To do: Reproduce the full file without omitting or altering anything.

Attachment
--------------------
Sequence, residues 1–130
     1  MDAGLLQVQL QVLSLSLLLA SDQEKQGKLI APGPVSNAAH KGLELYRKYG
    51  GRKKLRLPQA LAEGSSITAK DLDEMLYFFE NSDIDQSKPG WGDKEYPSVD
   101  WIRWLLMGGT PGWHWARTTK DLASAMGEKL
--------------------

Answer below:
Sequence, residues 1–130
     1  MDAGLLQVQL QVLSLSLLLA SDQEKQGKLI APGPVSNAAH KGLELYRKYG
    51  GRKKLRLPQA LAEGSSITAK DLDEMLYFFE NSDIDQSKPG WGDKEYPSVD
   101  WIRWLLMGGT PGWHWARTTK DLASAMGEKL